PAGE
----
From Glory To Glory: Pain In The Process

“And we all, with unveiled face, beholding the glory of the Lord, are being transformed into the same image from one degree of glory to another…”

For followers of Jesus, I think that the verse quoted above (part of a verse actually) has to be one of the most exciting passages in scripture concerning glory. Here, the Apostle Paul brings us into direct contact with the glory of God. The glory which was veiled to the Israelites during the time of Moses and remains hidden to those not in relation with Jesus has now been revealed to those who have experienced the freedom of the Spirit.

BRIEF RABBITT TRAIL: It is not my intention to spend a lot of time quibbling over the correct translation of κατοπτριζόμενοι (beholding). It is a fact that the Greek word could mean seeing as in a mirror or reflecting as a mirror. I think we sometimes force ourselves into an “either, or” definition when in all actuality it could be both at the same time. If you asked me, “So, which is it, seeing as in a mirror or reflecting as a mirror?” My answer would be, “Yes.”

As we who are in Christ are experiencing the glory of God, both seeing it and reflecting it, we are told that we are also being transformed into that same image of glory (Jesus), from one degree to another. That sounds wonderfully awesome to me. But what in the world does it mean, and how is it accomplished? I’d like to discuss one aspect of this process with you. It’s something we all experience (go figure) and none of us enjoy. PAIN.

There are many who believe that upon coming to Christ we are to be completely delivered from all pain and suffering. All of our distress is attributed at once to the enemy. I fear that at times we may have been “rebuking the devil” when actually our discomfort has been part of our transformation into glory. We insist that we want to be like Jesus, that we truly desire his glory, but somehow we have forgotten that in bringing many sons and daughters to glory Jesus himself had to experience much suffering. Is a servant greater than his master, or a messenger than the one who sent him? Of course not. Then we would do well to understand that our participation in glory will hurt at times. It was Jesus’ assumption of humanity that required even the author of salvation to learn obedience through what he suffered. So it is that the recipients of salvation experience pain as we are transformed from glory to glory into the image of the Son.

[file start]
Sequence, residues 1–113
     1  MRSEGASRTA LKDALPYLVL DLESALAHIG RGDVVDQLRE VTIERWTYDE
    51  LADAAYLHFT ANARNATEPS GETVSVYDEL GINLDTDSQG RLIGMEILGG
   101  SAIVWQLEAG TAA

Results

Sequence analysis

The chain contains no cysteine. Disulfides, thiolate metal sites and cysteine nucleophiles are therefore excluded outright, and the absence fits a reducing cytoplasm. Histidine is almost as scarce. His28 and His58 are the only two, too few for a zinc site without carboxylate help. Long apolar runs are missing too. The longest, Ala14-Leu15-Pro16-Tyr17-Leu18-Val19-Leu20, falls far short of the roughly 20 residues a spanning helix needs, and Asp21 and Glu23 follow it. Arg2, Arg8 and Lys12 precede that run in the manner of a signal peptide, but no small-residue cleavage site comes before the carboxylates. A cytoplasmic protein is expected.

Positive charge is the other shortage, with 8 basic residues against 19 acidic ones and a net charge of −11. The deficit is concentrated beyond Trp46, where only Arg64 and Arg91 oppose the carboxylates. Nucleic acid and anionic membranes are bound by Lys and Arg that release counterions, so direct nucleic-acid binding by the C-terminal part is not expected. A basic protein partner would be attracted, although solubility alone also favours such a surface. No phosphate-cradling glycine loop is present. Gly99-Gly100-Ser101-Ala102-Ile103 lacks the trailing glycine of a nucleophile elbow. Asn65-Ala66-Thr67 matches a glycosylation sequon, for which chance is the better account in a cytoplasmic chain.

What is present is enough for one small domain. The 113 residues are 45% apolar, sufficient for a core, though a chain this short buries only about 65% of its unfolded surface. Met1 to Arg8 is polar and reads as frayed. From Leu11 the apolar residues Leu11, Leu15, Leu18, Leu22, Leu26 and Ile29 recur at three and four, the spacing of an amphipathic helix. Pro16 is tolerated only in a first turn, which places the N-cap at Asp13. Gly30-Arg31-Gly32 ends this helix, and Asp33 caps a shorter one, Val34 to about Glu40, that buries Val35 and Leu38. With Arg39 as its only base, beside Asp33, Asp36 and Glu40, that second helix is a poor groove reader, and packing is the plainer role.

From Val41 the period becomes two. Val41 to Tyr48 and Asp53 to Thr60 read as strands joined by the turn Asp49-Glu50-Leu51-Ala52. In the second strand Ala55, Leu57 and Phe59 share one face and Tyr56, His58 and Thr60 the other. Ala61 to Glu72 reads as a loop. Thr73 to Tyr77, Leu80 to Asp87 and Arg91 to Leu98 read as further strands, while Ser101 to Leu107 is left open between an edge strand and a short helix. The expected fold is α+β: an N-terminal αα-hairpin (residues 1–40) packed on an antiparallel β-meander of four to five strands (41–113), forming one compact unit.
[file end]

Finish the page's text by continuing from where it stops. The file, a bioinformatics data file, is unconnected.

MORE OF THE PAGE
Lastly, we must never forget that the Father disciplines those children that he loves. Our “Western mindset” seems to always possess connotations of punishment and anger when considering the “discipline of the Father.” But discipline does not necessarily imply that sin has been committed and that punishment is being meted out. No, like any good father, God sometimes trains us, molds, shapes, and directs us in what is painful that we might bear the peaceable fruit of righteousness, that we might share his holiness, that we might be transformed from one degree of glory to another into the image of Christ.

Be encouraged today!! As a follower of Jesus, your pain and suffering are not in vain. You are experiencing the glory of God, being transformed into the glorious image of him by whose stripes you have been healed.

“ For I consider that the sufferings of this present time are not worth comparing with the glory that is to be revealed to us.”


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